Enhancing the translational relevance of the nicotine drug discrimination paradigm in rat model




Kusi-Boadum, Nana Kofi


0000-0001-5046-1313 (Kusi-Boadum, Nana Kofi)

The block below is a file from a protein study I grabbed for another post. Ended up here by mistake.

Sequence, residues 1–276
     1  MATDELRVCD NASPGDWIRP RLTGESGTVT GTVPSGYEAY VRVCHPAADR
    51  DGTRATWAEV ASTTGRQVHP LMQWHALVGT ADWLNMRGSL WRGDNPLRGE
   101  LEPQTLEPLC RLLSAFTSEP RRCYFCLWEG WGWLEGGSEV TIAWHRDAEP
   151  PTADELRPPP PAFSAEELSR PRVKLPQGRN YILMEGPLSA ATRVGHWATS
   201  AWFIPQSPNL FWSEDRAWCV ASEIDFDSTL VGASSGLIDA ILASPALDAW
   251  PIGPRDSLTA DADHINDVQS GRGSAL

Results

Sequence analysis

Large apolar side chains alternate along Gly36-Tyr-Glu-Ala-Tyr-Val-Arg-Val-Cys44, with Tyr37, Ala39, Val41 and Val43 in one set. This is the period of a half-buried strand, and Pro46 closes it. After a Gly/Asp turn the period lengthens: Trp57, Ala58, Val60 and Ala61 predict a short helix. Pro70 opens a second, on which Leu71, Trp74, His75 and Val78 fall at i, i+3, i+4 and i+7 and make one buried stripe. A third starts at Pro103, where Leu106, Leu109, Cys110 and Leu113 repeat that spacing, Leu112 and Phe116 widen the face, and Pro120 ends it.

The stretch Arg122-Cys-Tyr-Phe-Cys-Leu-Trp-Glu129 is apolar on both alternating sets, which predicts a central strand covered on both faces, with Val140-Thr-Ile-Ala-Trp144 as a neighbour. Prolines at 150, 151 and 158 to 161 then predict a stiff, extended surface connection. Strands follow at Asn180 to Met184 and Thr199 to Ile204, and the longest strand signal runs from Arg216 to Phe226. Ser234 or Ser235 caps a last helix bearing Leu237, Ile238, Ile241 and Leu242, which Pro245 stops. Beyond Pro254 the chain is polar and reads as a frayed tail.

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Purpose: Drug discrimination has over the past 50 years been used as a tool for understanding mechanisms of drug addiction. As an operant conditioning-based technique, it is largely influenced by the specific rat training conditions such as training dose and pre-treatment time (PT). A nicotine training dose of 0.4 mg/kg at a PT of 15 min is widely used in nicotine discrimination studies. This dose in rats, however, produces a peak plasma concentration that comparatively exceeds the peak plasma concentration in tobacco smokers. Pharmacokinetic studies have shown that smaller doses of nicotine in rats produce peak plasma concentrations that closely resemble that in human cases. The question that remains is whether rats can be trained to discriminate these smaller doses of nicotine. Our goal was therefore to re-evaluate nicotine training conditions in rats and find that which is trainable and produces a translatable pharmacokinetic profile. Methods: Using a two-bar drug discrimination operant chamber, six rats trained to discriminate 0.4 mg/kg of nicotine tartrate at a PT of 15 min were tested at a fixed dose (0.4 mg/kg) of nicotine tartrate, but at different intervals after injection (0, 5, 15, 30, 60, 120, 240 min). This test was repeated but at a fixed dose of 0.1 mg/kg. Subsequently, a nicotine dose effect (0.01, 0.025, 0.05, 0.1, 0.2, 0.4 mg/kg) was conducted at a fixed pre-treatment time (5 min). Percentage of drug lever responses were recorded in all studies to measure substitution and analyzed using repeated measures ANOVA. Results: The time course study conducted with 0.4 mg/kg showed full substitution (100% nicotine lever response) at a PT of 5 min, with 240 min as the longest duration of action. The dose effect study at a fixed PT of 5 min showed full substitution at 0.1 mg/kg. At that, the discriminative effects of nicotine faded within 15 min. Conclusion: These findings show even at lower doses and shorter PTs, rats can perceive nicotine, and therefore can be trained using a lower nicotine dose of 0.1 mg/kg and at a shorter PT of 5 min (an onset that more closely resembles the onset in humans after smoking a cigarette compared to 15 min PT) Using these training conditions in place of the high training dose (0.4 mg/kg) and the long PT (15 min) provides a nicotine discrimination model of higher translational relevance to nicotine smoking studies in humans.